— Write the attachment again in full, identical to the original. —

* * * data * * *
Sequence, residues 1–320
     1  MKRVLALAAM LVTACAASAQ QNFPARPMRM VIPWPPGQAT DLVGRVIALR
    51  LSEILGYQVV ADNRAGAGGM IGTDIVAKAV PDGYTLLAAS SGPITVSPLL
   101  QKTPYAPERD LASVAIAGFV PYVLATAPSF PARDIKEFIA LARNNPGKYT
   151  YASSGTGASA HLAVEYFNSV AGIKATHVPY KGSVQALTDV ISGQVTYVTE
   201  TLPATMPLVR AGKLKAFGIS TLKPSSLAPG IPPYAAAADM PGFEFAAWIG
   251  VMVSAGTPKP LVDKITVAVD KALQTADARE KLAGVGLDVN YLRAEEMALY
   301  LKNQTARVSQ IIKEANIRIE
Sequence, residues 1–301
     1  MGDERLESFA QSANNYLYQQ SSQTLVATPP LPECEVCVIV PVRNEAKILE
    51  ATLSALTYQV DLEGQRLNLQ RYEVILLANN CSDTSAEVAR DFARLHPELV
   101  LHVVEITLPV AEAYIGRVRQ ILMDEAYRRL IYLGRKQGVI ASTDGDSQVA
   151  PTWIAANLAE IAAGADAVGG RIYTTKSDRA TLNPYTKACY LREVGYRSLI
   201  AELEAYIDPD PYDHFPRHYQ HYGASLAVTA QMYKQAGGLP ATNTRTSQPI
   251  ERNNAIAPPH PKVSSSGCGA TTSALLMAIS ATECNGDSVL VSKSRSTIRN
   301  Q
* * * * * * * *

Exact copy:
Sequence, residues 1–320
     1  MKRVLALAAM LVTACAASAQ QNFPARPMRM VIPWPPGQAT DLVGRVIALR
    51  LSEILGYQVV ADNRAGAGGM IGTDIVAKAV PDGYTLLAAS SGPITVSPLL
   101  QKTPYAPERD LASVAIAGFV PYVLATAPSF PARDIKEFIA LARNNPGKYT
   151  YASSGTGASA HLAVEYFNSV AGIKATHVPY KGSVQALTDV ISGQVTYVTE
   201  TLPATMPLVR AGKLKAFGIS TLKPSSLAPG IPPYAAAADM PGFEFAAWIG
   251  VMVSAGTPKP LVDKITVAVD KALQTADARE KLAGVGLDVN YLRAEEMALY
   301  LKNQTARVSQ IIKEANIRIE
Sequence, residues 1–301
     1  MGDERLESFA QSANNYLYQQ SSQTLVATPP LPECEVCVIV PVRNEAKILE
    51  ATLSALTYQV DLEGQRLNLQ RYEVILLANN CSDTSAEVAR DFARLHPELV
   101  LHVVEITLPV AEAYIGRVRQ ILMDEAYRRL IYLGRKQGVI ASTDGDSQVA
   151  PTWIAANLAE IAAGADAVGG RIYTTKSDRA TLNPYTKACY LREVGYRSLI
   201  AELEAYIDPD PYDHFPRHYQ HYGASLAVTA QMYKQAGGLP ATNTRTSQPI
   251  ERNNAIAPPH PKVSSSGCGA TTSALLMAIS ATECNGDSVL VSKSRSTIRN
   301  Q